By Adam McLane
YouthWorkers Lessons From The Little League World Series
It’s the bottom of the 5th inning, the score is tied at 4, and with one swing of the bat Japan takes an insurmountable lead against the American team from Chula Vista to become champions.
It is, of course, the Little League World Series. For a few weeks each summer cable sports is dominated by 12-13 year olds fighting for their chance to be world champions.
It’s a fascinating cultural phenomenon. For a few weeks each summer millions of people sit in front of the television to watch 7th graders compete. Why do we do that? And what can we learn from watching them that’ll help us engage with the 7th graders in our own lives?
- Early adolescents are physically capable. Of course, not all early adolescents are as capable as the boys in the Little League World Series. But the LLWS is a great reminder of the strength and fine motor skills that early adolescence brings. Even though the players are sometimes vastly different sizes they can still throw the ball 70 miles per hour, hit a homerun 230 feet, or pick off a runner at home plate from left field. Don’t underestimate what the middle schoolers in your life can do physically.
- Early adolescents are mentally capable beyond cultural expectations. When I talk to youth workers who don’t really like being around middle schoolers they have a tendency to underestimate what middle schoolers can handle. These young men play smart baseball! Emotionally, when you watch the boys play in the LLWS you are seeing them deal with pressure, joy, sadness, being a part of a team, and a whole lot more. But you can also see that it’s not quite adult-like. One of the things we all love about watching them is the raw emotions, they haven’t quite learned to filter the physical manifestations of their emotions like an adult. Don’t underestimate what the middle schoolers in your life can handle emotionally and mentally.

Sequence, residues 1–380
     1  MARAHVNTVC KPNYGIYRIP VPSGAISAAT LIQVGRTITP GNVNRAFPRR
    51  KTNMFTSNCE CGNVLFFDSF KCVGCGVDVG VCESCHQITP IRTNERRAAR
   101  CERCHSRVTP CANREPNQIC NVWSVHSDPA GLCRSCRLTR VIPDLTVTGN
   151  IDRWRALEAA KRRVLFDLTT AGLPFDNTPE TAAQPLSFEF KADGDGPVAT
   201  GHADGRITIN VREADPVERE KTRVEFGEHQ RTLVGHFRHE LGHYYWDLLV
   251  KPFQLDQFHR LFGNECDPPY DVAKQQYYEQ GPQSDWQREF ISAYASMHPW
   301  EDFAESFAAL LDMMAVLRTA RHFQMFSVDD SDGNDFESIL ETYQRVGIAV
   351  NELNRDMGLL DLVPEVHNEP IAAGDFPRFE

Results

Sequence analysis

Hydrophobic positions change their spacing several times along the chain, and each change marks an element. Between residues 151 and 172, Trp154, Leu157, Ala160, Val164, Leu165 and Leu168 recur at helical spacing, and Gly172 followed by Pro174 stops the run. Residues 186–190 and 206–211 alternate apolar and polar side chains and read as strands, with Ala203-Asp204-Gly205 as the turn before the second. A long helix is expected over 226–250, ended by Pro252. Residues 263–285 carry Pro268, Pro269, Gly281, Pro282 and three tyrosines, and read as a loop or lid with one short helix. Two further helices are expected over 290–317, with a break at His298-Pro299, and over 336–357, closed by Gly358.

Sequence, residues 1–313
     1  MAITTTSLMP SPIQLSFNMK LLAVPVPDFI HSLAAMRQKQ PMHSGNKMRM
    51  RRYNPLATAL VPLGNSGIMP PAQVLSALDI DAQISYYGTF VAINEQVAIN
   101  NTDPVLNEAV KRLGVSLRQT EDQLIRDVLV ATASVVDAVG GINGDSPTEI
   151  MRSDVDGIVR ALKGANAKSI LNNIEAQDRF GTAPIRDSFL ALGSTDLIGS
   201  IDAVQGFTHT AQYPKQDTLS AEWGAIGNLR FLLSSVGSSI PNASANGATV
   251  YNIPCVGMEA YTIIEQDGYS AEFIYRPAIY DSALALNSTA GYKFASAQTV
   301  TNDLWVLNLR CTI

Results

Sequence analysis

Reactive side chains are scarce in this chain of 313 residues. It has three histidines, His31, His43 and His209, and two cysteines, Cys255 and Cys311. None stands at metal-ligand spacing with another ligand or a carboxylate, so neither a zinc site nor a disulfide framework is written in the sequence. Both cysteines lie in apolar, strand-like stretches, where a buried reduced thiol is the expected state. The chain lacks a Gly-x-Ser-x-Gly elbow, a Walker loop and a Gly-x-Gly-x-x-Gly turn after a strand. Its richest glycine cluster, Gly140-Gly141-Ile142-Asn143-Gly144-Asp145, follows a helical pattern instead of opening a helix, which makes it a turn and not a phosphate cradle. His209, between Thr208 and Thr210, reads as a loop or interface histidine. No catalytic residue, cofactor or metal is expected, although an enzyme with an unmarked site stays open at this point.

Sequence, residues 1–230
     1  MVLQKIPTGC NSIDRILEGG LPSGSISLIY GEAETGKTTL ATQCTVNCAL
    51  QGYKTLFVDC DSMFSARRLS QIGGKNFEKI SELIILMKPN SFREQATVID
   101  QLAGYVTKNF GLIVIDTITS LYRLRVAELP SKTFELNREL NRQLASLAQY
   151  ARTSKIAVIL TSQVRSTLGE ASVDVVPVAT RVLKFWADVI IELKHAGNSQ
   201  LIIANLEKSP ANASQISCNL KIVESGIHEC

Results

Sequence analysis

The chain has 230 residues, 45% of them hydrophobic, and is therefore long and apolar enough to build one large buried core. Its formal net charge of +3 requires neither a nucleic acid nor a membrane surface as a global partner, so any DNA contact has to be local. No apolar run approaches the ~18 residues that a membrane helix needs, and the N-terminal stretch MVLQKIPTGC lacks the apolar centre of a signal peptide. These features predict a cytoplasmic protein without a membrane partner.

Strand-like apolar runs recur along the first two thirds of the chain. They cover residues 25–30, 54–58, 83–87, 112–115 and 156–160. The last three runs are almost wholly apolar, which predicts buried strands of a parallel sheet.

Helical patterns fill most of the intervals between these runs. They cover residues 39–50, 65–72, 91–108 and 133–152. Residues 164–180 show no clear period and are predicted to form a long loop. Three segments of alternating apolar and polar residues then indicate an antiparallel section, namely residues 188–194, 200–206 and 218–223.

- Middle school success is no guarantee. If you follow college athletics closely you’ll know that there’s some concern about recruiting players too early. Top schools are offering scholarships to 14 year old high school freshmen. That’s just ridiculous. Not only is an early adolescent not ready to make a decision about what college might be best for them, there’s also a high likelihood that an early blossoming student might not be dominant as a 17, 18, 21 year old like they are as a 9th grader. The saddest part of the LLWS is that for some of the boys… this is the peak of their athletic careers. We should celebrate their capabilities today. But we shouldn’t expect that a little league player will make it to the big leagues!
Question: What was your favorite part of the Little League World Series?
About Adam McLane
Adam McLane is a Partner at The Youth Cartel and co-author of A Parent’s Guide to Understanding Social Media . A daily blogger and idea guy, Adam considers himself a purveyor, connoisseur, trader, and collector of ideas. Kristen and Adam have been married 15 years and live in the San Diego neighborhood of Rolando with their rowdy children, Megan, Paul, and Jackson.